Wednesday, October 26, 2011
From a story in the New York Times:
With this far-reaching anti-abortion strategy, the proponents of what they call personhood amendments hope to reshape the national debate.
“I view it as transformative,” said Brad Prewitt, a lawyer and executive director of the Yes on 26 campaign, which is named for the Mississippi proposition. “Personhood is bigger than just shutting abortion clinics; it’s an opportunity for people to say that we’re made in the image of God.”
The amendment faces some unlikely opposition, however. In Mississippi, and in other states where similar amendments are pending, local bishops and National Right to Life have expressed reservations about the strategy, even if they are sympathetic to the overall goal. They say the "personhood" amendment could backfire on the pro-life movement by forcing the U.S. Supreme Court to take dramatic action, thereby undoing the slow but steady chipping away of abortion rights over recent years.
More from the Times story:
But many leaders of the anti-abortion movement fear that the strategy will be counterproductive. Federal courts would almost surely declare the amendment unconstitutional, said James Bopp Jr., a prominent conservative lawyer from Terre Haute, Ind., and general counsel of National Right to Life, since it contradicts a woman’s current right to an abortion in the early weeks of pregnancy.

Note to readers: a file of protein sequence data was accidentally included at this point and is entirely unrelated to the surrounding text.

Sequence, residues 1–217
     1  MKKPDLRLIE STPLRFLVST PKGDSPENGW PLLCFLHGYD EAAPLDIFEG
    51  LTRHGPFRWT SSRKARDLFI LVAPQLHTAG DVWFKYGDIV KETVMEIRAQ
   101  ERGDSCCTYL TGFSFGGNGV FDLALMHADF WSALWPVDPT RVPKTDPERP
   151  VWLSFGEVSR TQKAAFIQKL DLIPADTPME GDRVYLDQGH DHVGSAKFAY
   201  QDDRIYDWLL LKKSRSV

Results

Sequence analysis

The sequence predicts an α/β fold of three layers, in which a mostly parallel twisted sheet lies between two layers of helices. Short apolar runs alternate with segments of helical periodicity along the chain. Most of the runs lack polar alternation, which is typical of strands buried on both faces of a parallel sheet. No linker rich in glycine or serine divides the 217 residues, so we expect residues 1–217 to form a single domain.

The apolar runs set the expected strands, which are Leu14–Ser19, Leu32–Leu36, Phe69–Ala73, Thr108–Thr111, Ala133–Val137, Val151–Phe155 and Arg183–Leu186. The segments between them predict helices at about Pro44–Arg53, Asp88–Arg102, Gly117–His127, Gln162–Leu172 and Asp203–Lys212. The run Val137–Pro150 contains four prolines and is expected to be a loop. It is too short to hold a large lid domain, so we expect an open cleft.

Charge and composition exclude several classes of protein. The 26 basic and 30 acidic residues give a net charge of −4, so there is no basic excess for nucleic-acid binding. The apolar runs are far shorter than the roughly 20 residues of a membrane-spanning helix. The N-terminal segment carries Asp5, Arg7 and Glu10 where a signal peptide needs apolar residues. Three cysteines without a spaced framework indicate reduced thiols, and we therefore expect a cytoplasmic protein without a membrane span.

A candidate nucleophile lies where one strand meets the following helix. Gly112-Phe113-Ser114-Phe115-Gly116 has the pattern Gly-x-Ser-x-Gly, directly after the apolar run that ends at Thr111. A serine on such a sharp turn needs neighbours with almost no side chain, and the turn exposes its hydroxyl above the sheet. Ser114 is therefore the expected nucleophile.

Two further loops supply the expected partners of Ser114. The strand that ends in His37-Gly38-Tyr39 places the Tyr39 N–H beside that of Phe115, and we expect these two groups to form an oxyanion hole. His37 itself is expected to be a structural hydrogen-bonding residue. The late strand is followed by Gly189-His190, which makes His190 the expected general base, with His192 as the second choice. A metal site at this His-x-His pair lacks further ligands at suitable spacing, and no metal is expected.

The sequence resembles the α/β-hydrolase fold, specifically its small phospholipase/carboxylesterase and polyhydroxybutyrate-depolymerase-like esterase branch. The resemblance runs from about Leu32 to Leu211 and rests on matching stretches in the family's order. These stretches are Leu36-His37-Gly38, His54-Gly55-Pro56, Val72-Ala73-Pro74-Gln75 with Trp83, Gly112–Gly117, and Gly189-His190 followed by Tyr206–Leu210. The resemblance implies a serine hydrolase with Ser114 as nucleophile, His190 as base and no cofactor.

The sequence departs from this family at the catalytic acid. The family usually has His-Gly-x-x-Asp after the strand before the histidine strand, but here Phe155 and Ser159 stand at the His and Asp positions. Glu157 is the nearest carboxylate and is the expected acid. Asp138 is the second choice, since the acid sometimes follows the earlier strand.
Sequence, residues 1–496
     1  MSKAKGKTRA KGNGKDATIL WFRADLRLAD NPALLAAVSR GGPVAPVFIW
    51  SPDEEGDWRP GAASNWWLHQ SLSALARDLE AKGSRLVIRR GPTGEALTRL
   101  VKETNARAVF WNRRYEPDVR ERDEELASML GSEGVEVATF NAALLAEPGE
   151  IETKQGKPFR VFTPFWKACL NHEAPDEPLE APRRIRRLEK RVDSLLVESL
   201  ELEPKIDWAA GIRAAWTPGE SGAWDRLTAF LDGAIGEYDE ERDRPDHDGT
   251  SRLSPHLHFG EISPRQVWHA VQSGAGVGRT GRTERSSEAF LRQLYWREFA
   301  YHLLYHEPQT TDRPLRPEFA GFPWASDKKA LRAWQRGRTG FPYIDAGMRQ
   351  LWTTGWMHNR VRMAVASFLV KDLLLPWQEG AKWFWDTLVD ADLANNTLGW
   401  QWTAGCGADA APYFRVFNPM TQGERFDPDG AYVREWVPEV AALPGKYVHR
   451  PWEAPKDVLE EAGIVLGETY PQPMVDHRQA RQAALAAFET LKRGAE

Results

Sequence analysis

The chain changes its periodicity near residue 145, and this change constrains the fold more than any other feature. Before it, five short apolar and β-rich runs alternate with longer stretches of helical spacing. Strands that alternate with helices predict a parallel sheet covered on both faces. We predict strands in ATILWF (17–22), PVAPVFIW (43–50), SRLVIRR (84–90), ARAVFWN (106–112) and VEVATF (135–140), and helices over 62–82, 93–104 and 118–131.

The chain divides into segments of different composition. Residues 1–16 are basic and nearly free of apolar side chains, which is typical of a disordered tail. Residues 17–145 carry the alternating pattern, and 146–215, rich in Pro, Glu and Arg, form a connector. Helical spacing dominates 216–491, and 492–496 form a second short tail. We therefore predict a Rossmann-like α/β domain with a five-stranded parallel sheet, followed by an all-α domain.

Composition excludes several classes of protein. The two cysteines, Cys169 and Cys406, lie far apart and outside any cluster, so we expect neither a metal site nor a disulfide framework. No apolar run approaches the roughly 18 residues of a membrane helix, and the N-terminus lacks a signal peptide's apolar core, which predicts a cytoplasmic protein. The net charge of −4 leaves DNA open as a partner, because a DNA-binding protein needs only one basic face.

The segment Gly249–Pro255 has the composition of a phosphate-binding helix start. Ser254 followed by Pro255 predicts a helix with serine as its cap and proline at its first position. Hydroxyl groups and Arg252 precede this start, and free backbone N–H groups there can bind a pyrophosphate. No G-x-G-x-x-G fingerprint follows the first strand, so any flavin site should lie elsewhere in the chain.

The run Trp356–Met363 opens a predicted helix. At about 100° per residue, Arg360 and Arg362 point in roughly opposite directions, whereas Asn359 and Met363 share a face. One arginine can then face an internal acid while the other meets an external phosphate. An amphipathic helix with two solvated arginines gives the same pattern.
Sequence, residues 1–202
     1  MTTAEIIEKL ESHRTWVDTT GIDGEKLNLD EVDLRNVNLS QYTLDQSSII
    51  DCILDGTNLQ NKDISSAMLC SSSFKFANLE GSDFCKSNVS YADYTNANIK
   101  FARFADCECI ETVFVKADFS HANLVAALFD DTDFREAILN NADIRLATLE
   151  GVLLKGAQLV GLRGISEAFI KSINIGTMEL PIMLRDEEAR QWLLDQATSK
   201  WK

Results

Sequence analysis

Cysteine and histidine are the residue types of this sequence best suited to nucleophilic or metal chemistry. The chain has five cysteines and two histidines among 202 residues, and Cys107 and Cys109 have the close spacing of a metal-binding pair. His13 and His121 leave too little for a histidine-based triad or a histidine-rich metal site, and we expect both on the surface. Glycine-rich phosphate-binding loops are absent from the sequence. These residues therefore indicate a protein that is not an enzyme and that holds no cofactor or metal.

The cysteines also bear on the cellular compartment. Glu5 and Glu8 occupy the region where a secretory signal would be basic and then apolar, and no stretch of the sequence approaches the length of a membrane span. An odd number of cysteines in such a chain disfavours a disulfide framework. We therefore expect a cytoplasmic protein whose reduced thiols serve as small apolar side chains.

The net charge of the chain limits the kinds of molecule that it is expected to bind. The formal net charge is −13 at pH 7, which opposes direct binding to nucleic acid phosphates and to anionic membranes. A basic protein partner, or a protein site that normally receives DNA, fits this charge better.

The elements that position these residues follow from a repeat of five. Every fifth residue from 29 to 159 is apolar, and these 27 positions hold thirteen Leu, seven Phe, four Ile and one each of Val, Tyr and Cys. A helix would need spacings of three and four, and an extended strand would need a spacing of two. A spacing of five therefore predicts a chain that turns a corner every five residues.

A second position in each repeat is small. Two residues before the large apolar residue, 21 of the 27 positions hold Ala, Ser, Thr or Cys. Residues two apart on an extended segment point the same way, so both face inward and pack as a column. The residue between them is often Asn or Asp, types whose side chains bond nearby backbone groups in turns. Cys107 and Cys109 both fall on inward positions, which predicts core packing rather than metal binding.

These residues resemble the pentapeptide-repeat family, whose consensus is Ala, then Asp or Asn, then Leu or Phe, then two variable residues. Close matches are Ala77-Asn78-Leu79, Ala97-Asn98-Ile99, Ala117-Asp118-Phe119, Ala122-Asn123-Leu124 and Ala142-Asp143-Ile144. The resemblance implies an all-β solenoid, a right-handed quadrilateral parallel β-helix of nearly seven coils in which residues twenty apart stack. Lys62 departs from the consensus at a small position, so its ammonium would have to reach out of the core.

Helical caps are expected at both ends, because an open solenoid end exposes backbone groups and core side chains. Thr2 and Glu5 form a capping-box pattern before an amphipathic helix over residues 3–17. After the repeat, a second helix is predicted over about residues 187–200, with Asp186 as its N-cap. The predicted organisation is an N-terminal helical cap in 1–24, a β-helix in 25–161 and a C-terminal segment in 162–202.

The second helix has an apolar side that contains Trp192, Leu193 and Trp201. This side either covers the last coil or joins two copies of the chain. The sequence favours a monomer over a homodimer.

“From the standpoint of protecting unborn lives it’s utterly futile,” he said, “and it has the grave risk that if it did get to the Supreme Court, the court would write an even more extreme abortion policy.”
Bishop Joseph Latino of Jackson, Miss., said in a statement last week that the Roman Catholic Church does not support Proposition 26 because “the push for a state amendment could ultimately harm our efforts to overturn Roe vs. Wade.”
Conservative Christian groups including the American Family Association and the Family Research Council are firmly behind the proposal.
So what's your take on this strategy? Is it potentially harmful to the movement or a necessary step in recognizing the humanity of the unborn?
Tuesday, October 25, 2011
We are slowly losing our sense of religious liberty in America.
There is much evidence to suggest that our society no longer values the public role of religion or recognizes the importance of religious freedom as a basic right. As scholars like Harvard’s Mary Ann Glendon and Michael Sandel have observed, our courts and government agencies increasingly treat the right to hold and express religious beliefs as only one of many private lifestyle options. And, they observe, this right is often “trumped” in the face of challenges from competing rights or interests deemed to be more important.
These are among the reasons the U.S. Catholic bishops recently established a new Ad Hoc Committee for Religious Liberty. My brother bishops and I are deeply concerned that believers’ liberties—and the Church’s freedom to carry out her mission—are threatened today, as they never have been before in our country’s history.